Add-on listing and Mozilla policy

After waiting about 3 months trying repeatedly to contact someone for solving this issue: Add-on "Status: Disabled by Mozilla " I finally talked with an admin reviewer who told me he could re-enable my add-on, but also that I had to self-host it, because it is braking this new rule:

Add-ons that serve the sole purpose of promoting, installing, loading or launching another website, application or add-on are no longer permitted to be listed on addons.mozilla.org.

My add-on performs a search for the text a user has selected on a website I have developed which is a social media search engine.
Probably, indeed my add-on brakes that certain rule, but there are many others in the Search Tools category that do exactly the same thing and nevertheless they are listed on AMO.

I’m just curious how does the review process work? Do most add-ons avoid manual reviews and I was just unlucky, because I faced a bug that made me contact a reviewer for the publication?

Your extension sends a query to your website, or your extension adds functionality for users already on your website?

I think if an add-on streamlines the process of submitting a search that the user otherwise would need to populate manually, that provides value. I think that goes beyond “loading or launching,” which sound like what a bookmark is for. However, I wasn’t involved in formulating this policy, so I’m not sure what was intended to be covered.

My extension sends the highlighted text (that should be a name or a username) as a query string to my website that performs a search on multiple social media networking websites about it.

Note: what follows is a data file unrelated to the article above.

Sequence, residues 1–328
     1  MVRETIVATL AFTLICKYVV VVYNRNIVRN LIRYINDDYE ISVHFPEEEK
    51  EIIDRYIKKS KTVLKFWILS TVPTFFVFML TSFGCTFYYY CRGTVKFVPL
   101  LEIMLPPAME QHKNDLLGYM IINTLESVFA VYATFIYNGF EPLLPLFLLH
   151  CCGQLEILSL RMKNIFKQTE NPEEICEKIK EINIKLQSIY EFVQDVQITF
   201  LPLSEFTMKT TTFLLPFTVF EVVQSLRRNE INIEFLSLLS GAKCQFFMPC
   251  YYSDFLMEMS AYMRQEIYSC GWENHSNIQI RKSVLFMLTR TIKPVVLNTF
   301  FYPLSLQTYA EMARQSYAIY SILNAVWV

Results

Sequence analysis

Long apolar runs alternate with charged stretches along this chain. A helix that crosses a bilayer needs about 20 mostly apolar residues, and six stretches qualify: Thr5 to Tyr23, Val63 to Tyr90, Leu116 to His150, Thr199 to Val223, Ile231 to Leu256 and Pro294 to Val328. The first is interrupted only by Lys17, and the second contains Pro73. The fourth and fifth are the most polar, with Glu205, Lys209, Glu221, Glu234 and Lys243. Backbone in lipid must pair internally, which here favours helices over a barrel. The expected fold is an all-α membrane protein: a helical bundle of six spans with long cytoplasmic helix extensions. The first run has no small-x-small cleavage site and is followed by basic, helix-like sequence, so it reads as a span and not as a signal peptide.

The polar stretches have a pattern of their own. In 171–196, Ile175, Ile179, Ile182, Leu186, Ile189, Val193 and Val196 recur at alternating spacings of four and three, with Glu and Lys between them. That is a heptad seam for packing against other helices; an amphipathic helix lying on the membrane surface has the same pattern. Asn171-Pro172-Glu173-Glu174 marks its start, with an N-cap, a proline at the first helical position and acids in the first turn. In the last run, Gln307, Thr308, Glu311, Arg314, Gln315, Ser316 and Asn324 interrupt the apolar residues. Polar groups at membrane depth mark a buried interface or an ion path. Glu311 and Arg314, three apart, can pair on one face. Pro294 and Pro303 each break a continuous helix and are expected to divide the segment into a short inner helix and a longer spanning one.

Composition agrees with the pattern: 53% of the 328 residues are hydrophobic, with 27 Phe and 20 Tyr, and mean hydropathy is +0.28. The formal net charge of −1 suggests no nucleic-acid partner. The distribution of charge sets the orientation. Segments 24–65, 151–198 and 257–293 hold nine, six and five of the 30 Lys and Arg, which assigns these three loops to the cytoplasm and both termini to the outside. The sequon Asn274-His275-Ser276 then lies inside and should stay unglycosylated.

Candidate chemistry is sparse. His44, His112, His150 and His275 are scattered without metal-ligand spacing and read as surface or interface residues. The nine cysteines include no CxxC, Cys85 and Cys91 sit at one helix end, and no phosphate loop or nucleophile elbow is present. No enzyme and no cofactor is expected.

Users can perform a search by clicking on a tooltip button or a context menu button. They can choose which of these two buttons will have enabled.

I can share a link if you wish.

Just 2 more questions:

  1. Is it possible to appeal the decision?
  2. As for now I have published my add-on as self-hosted. Can this state change?

I’m not involved with the policy and hope someone who is can join the discussion.

I wouldn’t want to see a Recommended extension like TinEye Reverse Image Search removed due to this policy.

Regarding #2, I think if you upload your next version update through the Add-ons site (not through the web-ext program), you can change your distribution method during that process.

No problem! Thanks for your answers and your time anyway!

That kind of functionality is common ground for many search add-ons. I would say that if this is considered a policy violation, then a considerable number of add-ons should get removed.

I’m afraid that’s not the case. I uploaded a newer version yesterday, just to check if this option is available and it isn’t. Maybe an admin reviewer should again intervene.

For the initial issue of the deactivation I had:
sent an email to: amo-admins@mozilla.com
a DM to https://twitter.com/mozamo and
a message to https://chat.mozilla.org/#/room/#addon-reviewers:mozilla.org
I never received an answer, till sending a DM to one of the admin reviewers, so I’m afraid this is going again to be a long process, if ever get an answer at all!

I have contacted both the initial reviewer plus another one about the issue, asking why particularly my add-on is considered to brake the rules, but not others like TinEye as you @jscher2000 mentioned. In fact TinEye add-on not only is listed on AMO, but is listed as Recommended, while obviously it does the same thing as my add-on does. It adds a context menu entry for performing a search on a specific website.

So far, I haven’t received a response to my question, but I will post it here if I receive one…